|Tour of the Cumberland Street Dig|
On 13 November Monique Galloway of the Sydney Harbour Foreshore Authority spoke to COSHA members about The Cumberland Street Archaeological Dig and showed us what has been collected and preserved as a unique record of European settlement of The Rocks.
The following excerpts from Monique's talk and from the Sydney Harbour Foreshore Authority's website give background to this important site that provides insights to the life and time of our early settlers.
Photo: Black and White photo, 4481_a026_0002098.jpg Photo: Cumberland St, November 2010 (John Brooks)
Item held at State Records NSW - undated
The Dig Site has outstanding cultural significance as a rare surviving element of the convict and ex-convict community established on The Rocks at the time of Australia's first European settlement. The Dig Site has strong historic association and provides physical evidence of nineteenth-century events, processes and people. Through this association and the extraordinary level of public involvement and participation in the 1994 excavation, the site has high social and public value as a 'historic site'. The Dig Site continues to have archaeological significance which arises both from the information revealed by analysis of excavated material and from the continuing in situ presence of substantial structural elements and deposits that themselves have potential to yield further information relating to substantive historical research questions. The Dig Site is located in a historic precinct and itself presents substantial physical evidence with distinctive visual qualities and evocative capacity. The Dig Site has a unique ability to provide 'hands on' experience of important phases of Sydney's history and development and has high interpretative and educational potential
The Dig Site comprises sections of two city blocks originally granted in the 1830s and1840s as Sections 7 4 and 75 of the town of Sydney. Historical research indicates that the site has been occupied by Europeans from at least as early as c1795. During the 1790s and the early part of the nineteenth century it became a focus for settlement for convicts and ex-convicts. It had a rich subsequent history characterised by progressive intensification of occupation during the nineteenth century.
Following large scale resumption and clearing by the government between 1902 and 1915, the site was used for various light industrial and public utility purposes. It has remained undeveloped since the 1950s, when a concrete slab was laid as the pavement for a bus depot. Since 1972, the site has been in the property of the Sydney Cove (Redevelopment)Authority, now the Sydney Harbour Foreshore Authority. The Site was subject to archaeological excavation in 1994. Between1994 and 2009 several smaller sites around the Dig Site have been excavated by the Sydney University Summer School and the Conservation Volunteers. Since 2008 the site has been redeveloped with a YHA and archaeological education centre which opened in late 2009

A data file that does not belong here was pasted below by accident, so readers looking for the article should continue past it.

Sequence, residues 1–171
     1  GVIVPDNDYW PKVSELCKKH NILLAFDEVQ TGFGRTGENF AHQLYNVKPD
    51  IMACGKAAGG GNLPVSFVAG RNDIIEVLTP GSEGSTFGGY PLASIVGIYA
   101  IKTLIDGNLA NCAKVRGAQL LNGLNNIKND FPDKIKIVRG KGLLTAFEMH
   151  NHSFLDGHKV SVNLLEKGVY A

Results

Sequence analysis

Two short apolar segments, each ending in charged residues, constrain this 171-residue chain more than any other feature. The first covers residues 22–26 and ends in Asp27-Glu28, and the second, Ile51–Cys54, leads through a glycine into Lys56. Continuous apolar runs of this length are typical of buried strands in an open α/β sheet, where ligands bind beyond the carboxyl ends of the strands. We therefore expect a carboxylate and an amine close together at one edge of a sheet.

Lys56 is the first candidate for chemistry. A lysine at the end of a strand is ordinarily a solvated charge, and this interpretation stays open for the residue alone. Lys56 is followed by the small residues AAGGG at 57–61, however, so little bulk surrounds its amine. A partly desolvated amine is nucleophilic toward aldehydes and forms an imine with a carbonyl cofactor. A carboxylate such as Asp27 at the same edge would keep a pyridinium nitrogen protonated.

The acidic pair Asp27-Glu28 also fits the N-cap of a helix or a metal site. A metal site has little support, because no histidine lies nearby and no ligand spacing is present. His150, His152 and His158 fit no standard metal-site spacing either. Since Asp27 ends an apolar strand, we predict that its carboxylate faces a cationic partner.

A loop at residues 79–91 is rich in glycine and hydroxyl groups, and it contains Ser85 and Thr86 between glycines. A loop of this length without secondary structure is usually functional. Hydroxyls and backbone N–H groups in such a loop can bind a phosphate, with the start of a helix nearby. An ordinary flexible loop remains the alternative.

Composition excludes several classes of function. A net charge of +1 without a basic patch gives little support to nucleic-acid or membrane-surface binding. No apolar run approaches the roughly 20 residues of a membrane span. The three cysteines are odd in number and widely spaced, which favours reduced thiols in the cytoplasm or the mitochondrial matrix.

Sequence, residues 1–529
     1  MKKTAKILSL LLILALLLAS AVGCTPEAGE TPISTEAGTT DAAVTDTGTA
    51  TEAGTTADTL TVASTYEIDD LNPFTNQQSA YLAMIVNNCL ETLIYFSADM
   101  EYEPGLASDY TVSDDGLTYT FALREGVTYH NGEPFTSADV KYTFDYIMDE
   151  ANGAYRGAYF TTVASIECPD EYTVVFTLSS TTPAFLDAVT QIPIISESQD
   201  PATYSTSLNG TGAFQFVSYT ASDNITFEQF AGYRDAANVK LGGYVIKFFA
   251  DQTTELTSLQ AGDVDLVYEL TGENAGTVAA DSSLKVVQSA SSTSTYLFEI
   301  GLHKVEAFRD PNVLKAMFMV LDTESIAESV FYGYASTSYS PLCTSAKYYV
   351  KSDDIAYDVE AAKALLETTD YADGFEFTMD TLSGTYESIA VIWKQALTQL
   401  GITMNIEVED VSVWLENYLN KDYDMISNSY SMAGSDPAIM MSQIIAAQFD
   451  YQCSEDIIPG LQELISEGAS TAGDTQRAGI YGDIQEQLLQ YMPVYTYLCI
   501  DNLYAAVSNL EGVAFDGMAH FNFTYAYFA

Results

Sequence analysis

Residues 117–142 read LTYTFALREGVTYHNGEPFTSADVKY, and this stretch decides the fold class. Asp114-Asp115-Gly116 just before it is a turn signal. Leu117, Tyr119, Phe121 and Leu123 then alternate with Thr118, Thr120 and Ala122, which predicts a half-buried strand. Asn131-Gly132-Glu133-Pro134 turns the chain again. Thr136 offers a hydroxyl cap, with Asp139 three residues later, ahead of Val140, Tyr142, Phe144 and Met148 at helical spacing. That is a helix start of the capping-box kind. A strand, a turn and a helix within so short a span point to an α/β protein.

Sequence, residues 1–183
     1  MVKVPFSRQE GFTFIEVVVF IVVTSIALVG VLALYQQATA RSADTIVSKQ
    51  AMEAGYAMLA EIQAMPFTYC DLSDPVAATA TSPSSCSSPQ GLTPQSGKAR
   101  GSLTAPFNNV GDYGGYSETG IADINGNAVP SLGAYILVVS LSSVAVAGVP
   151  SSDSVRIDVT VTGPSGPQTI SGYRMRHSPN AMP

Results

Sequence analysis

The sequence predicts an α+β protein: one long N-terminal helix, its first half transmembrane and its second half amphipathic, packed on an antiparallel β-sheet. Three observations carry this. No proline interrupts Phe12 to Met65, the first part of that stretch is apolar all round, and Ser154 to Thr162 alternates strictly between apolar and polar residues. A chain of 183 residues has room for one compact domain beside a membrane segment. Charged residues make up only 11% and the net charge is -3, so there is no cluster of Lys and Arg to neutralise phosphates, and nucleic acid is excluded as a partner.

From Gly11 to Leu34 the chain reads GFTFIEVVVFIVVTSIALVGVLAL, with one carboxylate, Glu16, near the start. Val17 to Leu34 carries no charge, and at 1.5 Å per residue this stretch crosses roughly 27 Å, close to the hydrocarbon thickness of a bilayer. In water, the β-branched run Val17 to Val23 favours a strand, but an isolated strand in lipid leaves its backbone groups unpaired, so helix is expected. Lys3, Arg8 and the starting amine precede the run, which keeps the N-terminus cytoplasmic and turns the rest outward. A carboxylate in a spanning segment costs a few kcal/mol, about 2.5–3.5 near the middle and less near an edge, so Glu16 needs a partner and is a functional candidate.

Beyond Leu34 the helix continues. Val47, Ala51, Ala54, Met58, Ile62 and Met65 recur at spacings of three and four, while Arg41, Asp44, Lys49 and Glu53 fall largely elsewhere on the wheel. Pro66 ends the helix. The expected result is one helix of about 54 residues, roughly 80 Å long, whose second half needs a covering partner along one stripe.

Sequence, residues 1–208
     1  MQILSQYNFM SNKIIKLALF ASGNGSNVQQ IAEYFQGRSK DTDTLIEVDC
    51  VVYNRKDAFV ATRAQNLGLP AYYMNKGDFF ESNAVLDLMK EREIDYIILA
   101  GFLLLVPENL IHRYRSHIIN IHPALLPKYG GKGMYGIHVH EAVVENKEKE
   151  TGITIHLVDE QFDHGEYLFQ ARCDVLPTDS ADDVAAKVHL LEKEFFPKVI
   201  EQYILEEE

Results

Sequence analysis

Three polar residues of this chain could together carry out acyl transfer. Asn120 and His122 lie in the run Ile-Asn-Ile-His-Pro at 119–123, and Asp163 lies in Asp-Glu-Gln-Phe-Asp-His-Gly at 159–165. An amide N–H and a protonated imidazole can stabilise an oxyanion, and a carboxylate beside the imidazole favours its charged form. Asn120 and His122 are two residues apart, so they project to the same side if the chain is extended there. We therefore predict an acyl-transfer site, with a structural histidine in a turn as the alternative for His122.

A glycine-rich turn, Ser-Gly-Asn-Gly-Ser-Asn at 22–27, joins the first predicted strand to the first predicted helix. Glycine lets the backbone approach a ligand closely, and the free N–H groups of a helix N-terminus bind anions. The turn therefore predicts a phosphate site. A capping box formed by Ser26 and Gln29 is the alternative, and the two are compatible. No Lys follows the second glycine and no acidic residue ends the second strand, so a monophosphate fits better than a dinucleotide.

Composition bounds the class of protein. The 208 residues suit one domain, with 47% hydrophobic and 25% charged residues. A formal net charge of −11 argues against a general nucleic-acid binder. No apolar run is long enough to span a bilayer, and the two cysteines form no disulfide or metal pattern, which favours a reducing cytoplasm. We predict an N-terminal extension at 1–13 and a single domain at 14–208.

Photo: Cumberland Street Dig 2008 (Credit: Sydney Harbour YHA) Site Map Source: Sydney Harbour Foreshore Authority
The Dig Site, above, is believed to be the only substantial residential site (i.e. one containing an entire neighbourhood), remaining in Sydney's Rocks, that contains physical evidence of structures and material culture from the period of first settlement. The 1994 archaeological investigation recovered enormous quantities of artefacts and the remains of many structures - all of which survived here because of later twentieth century activity had not impinged greatly on the surviving features. In this respect, the Dig Site contrasts with many other places in urban Australia where the extent of building activity undertaken during the 1960s, 1970s and1980s has removed structures and stratified deposits. Any area with potential for in situ preservation of relics form nineteenth century Sydney, and particularly the early part of the century or prior to 1800, represents a finite, rare and endangered resource.
Convicts, Migrants and Housing
The Rocks area was within the town site most often associated with the early convict history of Sydney. Many convicts and emancipists lived in and around The Rocks, including on the Dig Site. The place was home and work for many convicts and their presence was indelibly marked on the neighbourhood. The convict butcher George Cribb, who arrived in 1808 on board the transport Admiral Gambier lived on the Dig Site until the later 1820s and is remembered by the naming of the lane joining Cumberland and Gloucester Streets which bordered his pub, house and butcher shop,
Cribbs Lane. George Cribb operated his butchery and a pub, The Whalers Arms, from the corner of Gloucester Street and Cribbs Lane from 1808.
Source: Top photo: Sydney Harbour Foreshore Authority
Bottom photo: John Brooks 2010
The two photographs above show the location of Cribb's hotel and butchery in Gloucester Street.
In the top photo, the hotel is the two-storey building to the right, with steps leading to it and the butchery is the single storey building next to it with steps, one door and one small window.
The bottom photo shows the location of the dig site today. It is immediately behind the false wall that shows the location of the original buildings built to scale.
Monique was able to show us a variety of animal bones that had been recovered from the well and